Don’t panic. Roblox, Minecraft and Fortnite are not shutting down
Fake headlines can be traced back to a prank website
Is Roblox shutting down? What about Minecraft? Or Fortnite?
The rumours have been flying about all three of these games in recent weeks.
So, is it true? Will kids be forced to power down and pick up knitting or chess, instead?
(Nothing against knitting or chess, by the way, but, phew!)
On Tuesday, the Roblox team returned a call from CBC Kids News and confirmed the multiplayer game-building platform is alive and well.
The company posted an official clarification on Twitter a few hours later.
Spokesperson Emmalee Kremer also pointed to a blog post by Roblox CEO and co-founder David Baszucki, posted on the Roblox site on Jan. 6, which speaks to all the ways the company managed to expand in 2019.
“I have a feeling that 2020 is going to be even bigger and better than ever,” he said in the post.
In a blog post from Jan. 6, Roblox CEO David Baszucki said the game attracted 100 million monthly active users in 2019 and the company continues with its plans for expansion. (blog.roblox.com)
The Minecraft team also responded to CBC Kids News right away when asked if the Lego-style adventure game was shutting down.
"There is no need for concern,” said spokesperson Robert Sauer. "We are still actively developing and expanding Minecraft."
Epic Games, the company that owns the multi-player shooter game, Fortnite, also chimed in.
"Nope, Fortnite is not shutting down," said spokesperson Nick Chester in an email to CBC Kids News.
In this sample of a fake story generated on the React2424.com website, a small note at the top of the page identifies it as a joke. (React.2424.com)
Where did the rumours start?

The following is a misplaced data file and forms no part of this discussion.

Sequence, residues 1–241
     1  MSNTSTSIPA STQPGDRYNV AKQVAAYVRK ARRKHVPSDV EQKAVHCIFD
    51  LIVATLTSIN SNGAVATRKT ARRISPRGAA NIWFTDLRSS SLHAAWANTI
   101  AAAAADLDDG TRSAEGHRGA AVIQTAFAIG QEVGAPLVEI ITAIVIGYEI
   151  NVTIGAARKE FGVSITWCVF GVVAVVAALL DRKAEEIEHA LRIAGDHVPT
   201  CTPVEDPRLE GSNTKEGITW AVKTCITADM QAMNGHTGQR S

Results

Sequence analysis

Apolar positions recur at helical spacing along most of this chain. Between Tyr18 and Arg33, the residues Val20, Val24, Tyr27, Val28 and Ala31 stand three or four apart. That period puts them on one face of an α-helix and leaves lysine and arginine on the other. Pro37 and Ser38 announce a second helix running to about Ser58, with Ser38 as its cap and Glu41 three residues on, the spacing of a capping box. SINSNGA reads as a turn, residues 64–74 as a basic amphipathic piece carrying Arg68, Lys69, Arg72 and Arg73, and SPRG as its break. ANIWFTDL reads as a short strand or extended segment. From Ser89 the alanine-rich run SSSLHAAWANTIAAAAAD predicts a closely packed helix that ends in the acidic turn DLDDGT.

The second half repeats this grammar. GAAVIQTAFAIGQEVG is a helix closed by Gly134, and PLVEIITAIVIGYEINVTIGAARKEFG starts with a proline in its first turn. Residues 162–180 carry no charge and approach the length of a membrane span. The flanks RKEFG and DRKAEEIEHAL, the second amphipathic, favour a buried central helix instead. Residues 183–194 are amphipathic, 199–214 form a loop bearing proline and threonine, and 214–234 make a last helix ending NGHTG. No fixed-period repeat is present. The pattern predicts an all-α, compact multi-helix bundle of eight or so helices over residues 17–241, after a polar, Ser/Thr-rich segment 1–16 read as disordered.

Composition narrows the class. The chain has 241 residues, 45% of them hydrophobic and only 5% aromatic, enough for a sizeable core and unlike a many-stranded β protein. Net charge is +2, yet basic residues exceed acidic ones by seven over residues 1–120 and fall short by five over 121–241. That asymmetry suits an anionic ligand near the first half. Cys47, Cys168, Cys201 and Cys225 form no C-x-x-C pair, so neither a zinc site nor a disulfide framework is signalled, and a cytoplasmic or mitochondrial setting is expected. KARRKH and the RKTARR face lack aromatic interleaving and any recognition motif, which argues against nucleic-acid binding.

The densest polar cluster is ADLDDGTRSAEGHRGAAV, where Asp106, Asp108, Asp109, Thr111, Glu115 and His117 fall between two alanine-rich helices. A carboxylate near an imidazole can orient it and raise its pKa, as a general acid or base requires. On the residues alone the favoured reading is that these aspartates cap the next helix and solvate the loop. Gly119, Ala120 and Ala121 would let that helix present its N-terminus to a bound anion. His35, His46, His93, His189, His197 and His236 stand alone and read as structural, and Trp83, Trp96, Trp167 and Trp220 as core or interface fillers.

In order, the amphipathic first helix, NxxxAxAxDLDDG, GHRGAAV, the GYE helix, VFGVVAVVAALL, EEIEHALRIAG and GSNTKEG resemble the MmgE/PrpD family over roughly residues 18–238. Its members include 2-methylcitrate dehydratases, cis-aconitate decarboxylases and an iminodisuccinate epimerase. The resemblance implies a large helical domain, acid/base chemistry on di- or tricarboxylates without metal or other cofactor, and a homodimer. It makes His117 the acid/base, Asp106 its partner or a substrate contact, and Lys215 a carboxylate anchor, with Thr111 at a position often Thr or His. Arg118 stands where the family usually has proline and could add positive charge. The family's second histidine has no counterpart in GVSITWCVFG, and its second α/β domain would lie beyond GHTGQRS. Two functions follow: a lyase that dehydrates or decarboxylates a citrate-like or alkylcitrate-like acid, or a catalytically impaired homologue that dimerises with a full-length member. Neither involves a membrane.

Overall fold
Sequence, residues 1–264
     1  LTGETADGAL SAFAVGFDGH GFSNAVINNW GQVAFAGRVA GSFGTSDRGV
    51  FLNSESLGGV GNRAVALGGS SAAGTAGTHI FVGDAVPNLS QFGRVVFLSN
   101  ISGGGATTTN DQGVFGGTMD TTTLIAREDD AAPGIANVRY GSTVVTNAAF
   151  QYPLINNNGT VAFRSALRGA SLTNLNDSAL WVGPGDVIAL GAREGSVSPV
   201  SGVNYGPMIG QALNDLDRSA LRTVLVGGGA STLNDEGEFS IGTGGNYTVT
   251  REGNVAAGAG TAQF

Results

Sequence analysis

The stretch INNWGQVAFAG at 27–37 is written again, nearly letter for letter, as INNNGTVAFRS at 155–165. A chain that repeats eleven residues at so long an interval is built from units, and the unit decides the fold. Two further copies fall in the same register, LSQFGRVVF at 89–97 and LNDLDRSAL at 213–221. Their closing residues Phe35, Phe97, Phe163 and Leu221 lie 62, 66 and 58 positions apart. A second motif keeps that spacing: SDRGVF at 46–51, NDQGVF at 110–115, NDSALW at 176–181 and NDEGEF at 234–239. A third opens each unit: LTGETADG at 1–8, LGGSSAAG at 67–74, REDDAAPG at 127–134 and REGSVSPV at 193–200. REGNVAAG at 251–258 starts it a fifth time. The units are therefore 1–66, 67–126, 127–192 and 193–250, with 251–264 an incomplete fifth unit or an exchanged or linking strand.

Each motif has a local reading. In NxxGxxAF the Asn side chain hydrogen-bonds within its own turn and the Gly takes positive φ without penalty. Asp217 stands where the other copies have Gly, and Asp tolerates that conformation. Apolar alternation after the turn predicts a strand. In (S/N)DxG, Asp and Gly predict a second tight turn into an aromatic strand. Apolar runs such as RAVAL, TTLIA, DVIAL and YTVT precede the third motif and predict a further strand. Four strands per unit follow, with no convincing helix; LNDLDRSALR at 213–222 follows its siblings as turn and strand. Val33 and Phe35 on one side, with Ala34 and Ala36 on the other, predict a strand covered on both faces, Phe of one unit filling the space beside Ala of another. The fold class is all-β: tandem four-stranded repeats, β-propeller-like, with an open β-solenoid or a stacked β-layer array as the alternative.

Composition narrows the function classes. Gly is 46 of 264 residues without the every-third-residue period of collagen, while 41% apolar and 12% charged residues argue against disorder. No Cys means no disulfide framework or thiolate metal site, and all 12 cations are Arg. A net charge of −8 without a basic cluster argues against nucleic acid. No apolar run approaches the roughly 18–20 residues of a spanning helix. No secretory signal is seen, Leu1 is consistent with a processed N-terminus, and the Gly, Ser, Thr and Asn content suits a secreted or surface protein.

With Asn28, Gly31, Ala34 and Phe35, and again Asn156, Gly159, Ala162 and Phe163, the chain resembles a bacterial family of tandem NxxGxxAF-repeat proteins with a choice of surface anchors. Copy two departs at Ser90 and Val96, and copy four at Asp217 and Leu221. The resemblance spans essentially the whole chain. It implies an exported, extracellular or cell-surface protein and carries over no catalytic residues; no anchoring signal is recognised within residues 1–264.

While it’s hard to pinpoint exactly, it seems many of the fake headlines about popular games being shut down were generated on a website called React2424.
The site allows people to build pretend news stories on the site anonymously and share them on social media.
React2424 has not yet responded to a request for comment from CBC Kids News, but instructions on the website frame these pranks as funny jokes.
Roblox users got a bit nervous this week when rumours started circulating that the game was shutting down. Robolox has confirmed that isn’t happening. (Lionel Bonaventure/AFP/Getty Images)
Understanding fake news
There are two ways the truth can get twisted online.
Disinformation is the word used to describe false information that’s shared with the goal of misleading people.
Misinformation describes what happens when people share those stories without realizing they aren’t true.
In this case, it seems both disinformation and misinformation were at play.
Tips for identifying fake news
- What kind of organization published the original story. Is the news source reliable or is it known for clickbait?
- Google the headline. Are any major news outlets reporting the same thing?
- Does the website address look funny? Does it include a .co after the .ca, for example? The site might be a fake version of a legitimate news website.
- Are any experts quoted in the story? Look for evidence that the author has checked their facts.
- Search a fact-checking website like snopes.com and see what it says about the headline.